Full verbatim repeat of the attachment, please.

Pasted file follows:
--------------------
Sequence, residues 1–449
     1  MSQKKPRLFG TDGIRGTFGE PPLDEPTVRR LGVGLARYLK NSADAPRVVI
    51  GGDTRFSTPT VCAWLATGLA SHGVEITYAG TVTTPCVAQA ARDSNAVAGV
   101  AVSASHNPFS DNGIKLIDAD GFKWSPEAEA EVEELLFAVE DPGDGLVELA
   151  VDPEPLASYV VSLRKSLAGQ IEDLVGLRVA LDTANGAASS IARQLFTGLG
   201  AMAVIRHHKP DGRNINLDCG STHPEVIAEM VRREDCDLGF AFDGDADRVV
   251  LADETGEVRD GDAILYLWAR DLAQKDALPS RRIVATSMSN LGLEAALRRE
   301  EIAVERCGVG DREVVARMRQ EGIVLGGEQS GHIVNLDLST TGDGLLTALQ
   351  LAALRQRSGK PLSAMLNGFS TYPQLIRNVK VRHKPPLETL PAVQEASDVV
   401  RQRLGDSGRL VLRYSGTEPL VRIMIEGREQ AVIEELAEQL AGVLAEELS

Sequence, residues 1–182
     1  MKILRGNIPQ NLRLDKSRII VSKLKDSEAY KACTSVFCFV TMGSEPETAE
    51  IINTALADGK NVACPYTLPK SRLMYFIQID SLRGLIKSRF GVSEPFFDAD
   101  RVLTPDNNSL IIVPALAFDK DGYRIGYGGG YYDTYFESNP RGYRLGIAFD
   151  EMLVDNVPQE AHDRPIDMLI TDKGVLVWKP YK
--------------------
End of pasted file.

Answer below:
Sequence, residues 1–449
     1  MSQKKPRLFG TDGIRGTFGE PPLDEPTVRR LGVGLARYLK NSADAPRVVI
    51  GGDTRFSTPT VCAWLATGLA SHGVEITYAG TVTTPCVAQA ARDSNAVAGV
   101  AVSASHNPFS DNGIKLIDAD GFKWSPEAEA EVEELLFAVE DPGDGLVELA
   151  VDPEPLASYV VSLRKSLAGQ IEDLVGLRVA LDTANGAASS IARQLFTGLG
   201  AMAVIRHHKP DGRNINLDCG STHPEVIAEM VRREDCDLGF AFDGDADRVV
   251  LADETGEVRD GDAILYLWAR DLAQKDALPS RRIVATSMSN LGLEAALRRE
   301  EIAVERCGVG DREVVARMRQ EGIVLGGEQS GHIVNLDLST TGDGLLTALQ
   351  LAALRQRSGK PLSAMLNGFS TYPQLIRNVK VRHKPPLETL PAVQEASDVV
   401  RQRLGDSGRL VLRYSGTEPL VRIMIEGREQ AVIEELAEQL AGVLAEELS

Sequence, residues 1–182
     1  MKILRGNIPQ NLRLDKSRII VSKLKDSEAY KACTSVFCFV TMGSEPETAE
    51  IINTALADGK NVACPYTLPK SRLMYFIQID SLRGLIKSRF GVSEPFFDAD
   101  RVLTPDNNSL IIVPALAFDK DGYRIGYGGG YYDTYFESNP RGYRLGIAFD
   151  EMLVDNVPQE AHDRPIDMLI TDKGVLVWKP YK